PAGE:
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Freescale re-commits itself to embedded systems market

Posted: 01 Jul 2005 ?? ?Print Version ?Bookmark and Share

Keywords:embedded? consumer? analog?

Michel Mayer and his Freescale Semiconductor staff had something of a premature coming-out party here last week. Although the once-stodgy chip maker emerged last year from Motorola Inc.'s bureaucracy, its growing pains were still evident at the first Freescale Technology Forum.

The company could not avoid sporting blemishes, with the event coming hard on the heels of news that Apple Computer will sever its longtime relationship as a high-profile user of Freescale's top microprocessors. It also continues to struggle with a long-overdue corporate makeover.

Still, with $2.35 billion in cash in hand, some managers at Freescale are embracing the company's new embedded-only status, shopping at the electronics industry's three most popular malls: consumer, analog and Asia. Freescale's transformation reflects the changing times of an industry increasingly focused on agile, lean design partnerships that cross all company and country boundaries.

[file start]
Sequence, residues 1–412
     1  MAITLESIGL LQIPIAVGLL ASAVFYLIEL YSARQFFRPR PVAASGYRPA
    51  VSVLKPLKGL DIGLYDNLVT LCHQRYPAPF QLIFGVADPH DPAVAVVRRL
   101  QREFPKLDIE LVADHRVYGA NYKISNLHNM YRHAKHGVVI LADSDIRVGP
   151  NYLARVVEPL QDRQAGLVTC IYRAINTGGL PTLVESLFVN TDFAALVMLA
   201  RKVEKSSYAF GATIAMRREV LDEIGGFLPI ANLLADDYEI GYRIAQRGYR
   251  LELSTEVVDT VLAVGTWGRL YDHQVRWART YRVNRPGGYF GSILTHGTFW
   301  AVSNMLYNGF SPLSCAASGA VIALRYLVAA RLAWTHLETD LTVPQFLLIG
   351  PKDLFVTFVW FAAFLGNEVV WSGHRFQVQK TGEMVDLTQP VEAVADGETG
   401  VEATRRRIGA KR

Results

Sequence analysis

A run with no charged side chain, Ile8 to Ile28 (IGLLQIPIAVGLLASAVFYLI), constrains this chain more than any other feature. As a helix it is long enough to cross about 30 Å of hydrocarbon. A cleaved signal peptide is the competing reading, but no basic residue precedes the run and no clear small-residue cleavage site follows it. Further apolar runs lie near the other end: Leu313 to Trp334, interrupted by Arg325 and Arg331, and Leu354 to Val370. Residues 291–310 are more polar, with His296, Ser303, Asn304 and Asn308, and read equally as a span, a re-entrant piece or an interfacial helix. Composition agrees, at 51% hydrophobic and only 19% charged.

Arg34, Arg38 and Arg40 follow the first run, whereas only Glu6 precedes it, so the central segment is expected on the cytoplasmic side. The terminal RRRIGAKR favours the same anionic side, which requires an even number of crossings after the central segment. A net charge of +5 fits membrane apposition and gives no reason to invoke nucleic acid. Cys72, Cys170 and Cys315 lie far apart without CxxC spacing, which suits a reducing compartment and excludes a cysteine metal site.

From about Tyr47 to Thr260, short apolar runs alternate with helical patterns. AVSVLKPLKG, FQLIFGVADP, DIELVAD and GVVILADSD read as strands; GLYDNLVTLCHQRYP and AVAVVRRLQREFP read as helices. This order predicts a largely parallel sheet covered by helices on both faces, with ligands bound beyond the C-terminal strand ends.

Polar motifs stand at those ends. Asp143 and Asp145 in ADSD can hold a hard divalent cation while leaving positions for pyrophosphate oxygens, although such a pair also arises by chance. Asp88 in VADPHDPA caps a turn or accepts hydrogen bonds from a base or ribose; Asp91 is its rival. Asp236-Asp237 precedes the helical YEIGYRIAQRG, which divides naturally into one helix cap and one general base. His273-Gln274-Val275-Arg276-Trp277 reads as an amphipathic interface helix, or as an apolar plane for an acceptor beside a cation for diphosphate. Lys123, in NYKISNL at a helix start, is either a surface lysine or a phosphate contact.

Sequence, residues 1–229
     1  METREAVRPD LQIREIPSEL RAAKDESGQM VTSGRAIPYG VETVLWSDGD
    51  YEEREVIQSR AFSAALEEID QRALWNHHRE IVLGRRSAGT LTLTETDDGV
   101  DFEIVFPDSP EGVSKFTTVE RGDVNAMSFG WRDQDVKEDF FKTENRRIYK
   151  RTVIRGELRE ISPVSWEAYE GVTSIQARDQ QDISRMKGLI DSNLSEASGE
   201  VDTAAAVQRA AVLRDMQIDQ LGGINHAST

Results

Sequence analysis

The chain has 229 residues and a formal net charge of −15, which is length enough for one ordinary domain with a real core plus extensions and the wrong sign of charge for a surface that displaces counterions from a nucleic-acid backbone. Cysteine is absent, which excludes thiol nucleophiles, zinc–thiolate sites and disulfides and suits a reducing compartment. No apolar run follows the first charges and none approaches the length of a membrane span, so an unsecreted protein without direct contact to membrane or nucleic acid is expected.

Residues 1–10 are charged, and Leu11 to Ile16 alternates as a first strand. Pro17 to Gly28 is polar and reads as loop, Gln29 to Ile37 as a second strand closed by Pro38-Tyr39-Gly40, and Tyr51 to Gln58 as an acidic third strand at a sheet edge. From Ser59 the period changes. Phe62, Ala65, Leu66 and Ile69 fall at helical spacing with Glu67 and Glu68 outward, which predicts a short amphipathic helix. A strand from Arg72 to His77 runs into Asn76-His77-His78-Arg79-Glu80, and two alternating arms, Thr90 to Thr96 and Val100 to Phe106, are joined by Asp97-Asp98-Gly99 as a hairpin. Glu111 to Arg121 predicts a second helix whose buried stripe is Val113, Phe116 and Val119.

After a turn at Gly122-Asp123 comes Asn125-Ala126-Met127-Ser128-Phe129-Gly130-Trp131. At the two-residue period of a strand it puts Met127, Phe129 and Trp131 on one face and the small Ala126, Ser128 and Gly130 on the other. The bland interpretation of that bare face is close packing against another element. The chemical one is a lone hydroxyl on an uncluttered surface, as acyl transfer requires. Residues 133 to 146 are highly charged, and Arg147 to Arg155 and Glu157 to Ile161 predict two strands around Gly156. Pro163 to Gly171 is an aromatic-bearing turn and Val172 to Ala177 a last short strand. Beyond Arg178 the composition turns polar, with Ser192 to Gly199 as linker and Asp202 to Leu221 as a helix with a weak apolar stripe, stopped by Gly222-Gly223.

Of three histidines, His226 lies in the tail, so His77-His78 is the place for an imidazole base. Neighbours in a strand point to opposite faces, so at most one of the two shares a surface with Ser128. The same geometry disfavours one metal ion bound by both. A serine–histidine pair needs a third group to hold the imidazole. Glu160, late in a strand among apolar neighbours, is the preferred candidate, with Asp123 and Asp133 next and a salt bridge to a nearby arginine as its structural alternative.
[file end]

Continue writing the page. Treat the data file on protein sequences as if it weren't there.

At the top of his keynote here, CEO Mayer discussed the pending loss of Apple's business, which represents 3 percent of Freescale's $5.7 billion annual revenue. "We are committed to our PowerPC road map and are going to continue our investment in the architecture," he said.

"At the end of the day, Apple does not represent a growth market for us," Mayer said during an interview with EE Times, "so you have to question how much you invest to compete with Intel on its home turf when we have so many other untapped opportunities. The argument that you have to have the baddest, fastest CPU is difficult to rationalize now that everyone is moving to [multicore] processing and a balance of power and performance."

Putting silicon behind its stance, Freescale launched the PowerPC 7448 at the forum. The chip contains an e600 core that hits 1.7GHz at 18W in a 90nm silicon-on-insulator process. The company will follow up by year's end with its first dual-core PowerPC, the 8641, featuring two e600s, four Gigabit Ethernet MACs and PCI Express links. It is aimed at midrange routers, storage-networking gear and other embedded systems.